Most of her opinions turn out to be about how things change – farming, Watsonville, life. Sounding much like a local historian (“History greatly interests me, but I’m full of baloney,” she says), she talks of how local farming has transformed, how it went from cattle land to wheat, potatoes to sugar beets, roses to row crops – the latter of which was what was around when she was growing up. At that time, the advent of the refrigerated car (“just an icebox on wheels”) allowed for successful produce business, and the adoption of irrigation methods and soil and methylbromide treatments made it possible to grow strawberries on the land for long periods of time. She gestures to the plate of berries sitting between us on the patio table, “Try one of my fresh berries, just for you.”

Cooley remembers farming before being “organic” was of any concern, and the evolution of the method’s popularity. “There was definitely no organic interest, then there was organic scepticism, now there are true believers,” she says. Although she is supportive of people growing organic, she does not – her commercial strawberry effort is just too large.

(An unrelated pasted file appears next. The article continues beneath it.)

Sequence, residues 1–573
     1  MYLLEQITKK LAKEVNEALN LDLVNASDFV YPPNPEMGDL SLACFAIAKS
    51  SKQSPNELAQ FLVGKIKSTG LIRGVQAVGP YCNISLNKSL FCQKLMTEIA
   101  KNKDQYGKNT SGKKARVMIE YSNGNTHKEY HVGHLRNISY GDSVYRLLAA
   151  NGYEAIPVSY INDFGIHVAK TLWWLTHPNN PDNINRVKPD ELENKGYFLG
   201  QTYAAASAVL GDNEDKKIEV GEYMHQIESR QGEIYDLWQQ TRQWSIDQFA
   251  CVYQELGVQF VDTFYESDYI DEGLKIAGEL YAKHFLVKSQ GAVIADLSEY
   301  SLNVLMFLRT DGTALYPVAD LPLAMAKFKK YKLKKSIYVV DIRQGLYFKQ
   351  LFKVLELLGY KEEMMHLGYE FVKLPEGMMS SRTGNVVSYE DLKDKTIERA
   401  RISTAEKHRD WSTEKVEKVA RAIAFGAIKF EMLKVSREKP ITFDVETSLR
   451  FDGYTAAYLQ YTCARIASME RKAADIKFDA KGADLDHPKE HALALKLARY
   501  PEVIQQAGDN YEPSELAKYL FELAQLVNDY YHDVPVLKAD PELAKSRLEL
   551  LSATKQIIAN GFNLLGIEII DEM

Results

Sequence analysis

“There are many people successfully growing organic strawberries – but on a much smaller scale,” she says. “But people like to eat strawberries even if they live in Minneapolis, or all over the world, where they normally would not be able to grow strawberries.

“Here, have another,” she adds.

Her opinion is less favourable for another popular notion amongst progressives in Santa Cruz County: eating local. She encourages the act “when it’s possible,” but then I tell her that many “go local” folks believe Santa Cruz County should transition from growing luxury crops like strawberries to more substantial, staple crops in order to achieve a local food system.